Sanders claimed that Papadopoulos was unpaid and asserted that his activities were considered “unofficial.”
“It has nothing to do with the campaign’s activities,” she said of Papadopoulos’ plea.
Sanders emphasized that she’s “not sure that the president recalls specific details” of a March 31 national security team meeting at Trump International Hotel in Washington, D.C. in which Papadopoulos was present.
“He asked to do things, he was basically pushed back or not responded to in any way,” Sanders said of Papadopoulos’ efforts within the campaign, which included sending out emails that offered to set up “a meeting between us and the Russian leadership to discuss U.S.-Russia ties under President Trump.”
According to court documents, Papadopoulos lied about his meetings with a Russian professor who had ties to the Russian government and who claimed to have “dirt” on Hillary Clinton–in the form of thousands of emails. He also lied about his contacts with a female Russian foreign national and his efforts to arrange a meeting between Russian officials and the Trump campaign, according to court filings.
At one meeting with the Russian professor in London, the female Russian national was introduced to Papadopoulos as a relative of Russian president Vladimir Putin with “connections to senior Russian government officials,” according to court documents. In a subsquent email to unnamed Trump campaign advisers, Papadopoulos refered the the woman as “Putin’s niece.”
That meeting took place on March 24, just a few weeks after Papadopoulos was named as a foreign policy aide to the Trump campaign. His primary role, according to investigators, was to develop relationships between Russian officials and the Trump campaign.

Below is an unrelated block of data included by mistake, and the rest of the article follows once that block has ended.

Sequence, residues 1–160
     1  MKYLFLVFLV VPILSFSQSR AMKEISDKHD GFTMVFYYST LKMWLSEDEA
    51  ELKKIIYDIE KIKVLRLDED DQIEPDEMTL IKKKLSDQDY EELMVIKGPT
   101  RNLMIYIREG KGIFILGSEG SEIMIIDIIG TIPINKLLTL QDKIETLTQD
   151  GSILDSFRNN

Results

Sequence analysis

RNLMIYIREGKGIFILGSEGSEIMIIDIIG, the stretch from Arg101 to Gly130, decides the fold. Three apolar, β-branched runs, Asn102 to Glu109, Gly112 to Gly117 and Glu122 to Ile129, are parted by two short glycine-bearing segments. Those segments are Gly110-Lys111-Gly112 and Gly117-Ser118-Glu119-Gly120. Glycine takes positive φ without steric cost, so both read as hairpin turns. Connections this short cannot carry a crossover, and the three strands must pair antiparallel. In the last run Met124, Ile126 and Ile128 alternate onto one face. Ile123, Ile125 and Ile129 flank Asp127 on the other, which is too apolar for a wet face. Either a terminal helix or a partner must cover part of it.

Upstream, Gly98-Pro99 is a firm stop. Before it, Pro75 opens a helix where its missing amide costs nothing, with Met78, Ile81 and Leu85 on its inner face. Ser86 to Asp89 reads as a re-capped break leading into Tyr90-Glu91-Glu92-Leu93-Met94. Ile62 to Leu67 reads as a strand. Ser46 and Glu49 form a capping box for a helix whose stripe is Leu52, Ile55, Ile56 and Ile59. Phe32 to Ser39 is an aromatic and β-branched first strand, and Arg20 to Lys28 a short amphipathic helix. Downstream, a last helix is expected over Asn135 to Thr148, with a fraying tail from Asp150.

On March 31, according to court documents, Papadopoulos attended a national security briefing in Washington with President Trump and senior campaign officials. At the meeting, Papadopoulos told the group that he had connections that would be able to arrange a meeting between then-candidate Trump and Putin.
On the same day, the Trump campaign posted a photo of the meeting on Instagram. Papadopolous is seated at the center of the conference table.
Over the course of the next several weeks, emails were exhanged about developing further relations and meetings between Russia and the Trump campaign.
In one of them, the female Russian national stated: ” I have already alerted my personal links to our conversation and your request. As mentioned we are all very excited by the possibility of a good relationship with Mr. Trump. The Russian Federation would love to welcome him once his candidature would be officially announced.”
Into the summer, Papadopoulos worked to arrange his own visit to Russia on behalf of the campaign. That meeting did not take place.
Trump aides have said he played a limited role in the campaign and no access to the president.
Papadopolous’ attorneys, in a statement, said: “It is in the best interest of our client, George Papadopoulos, that we refrain from commenting on George’s case.
“We will have the opportunity to comment on George’s involvement when called upon by the Court at a later date. We look forward to telling all of the details of George’s story at that time.”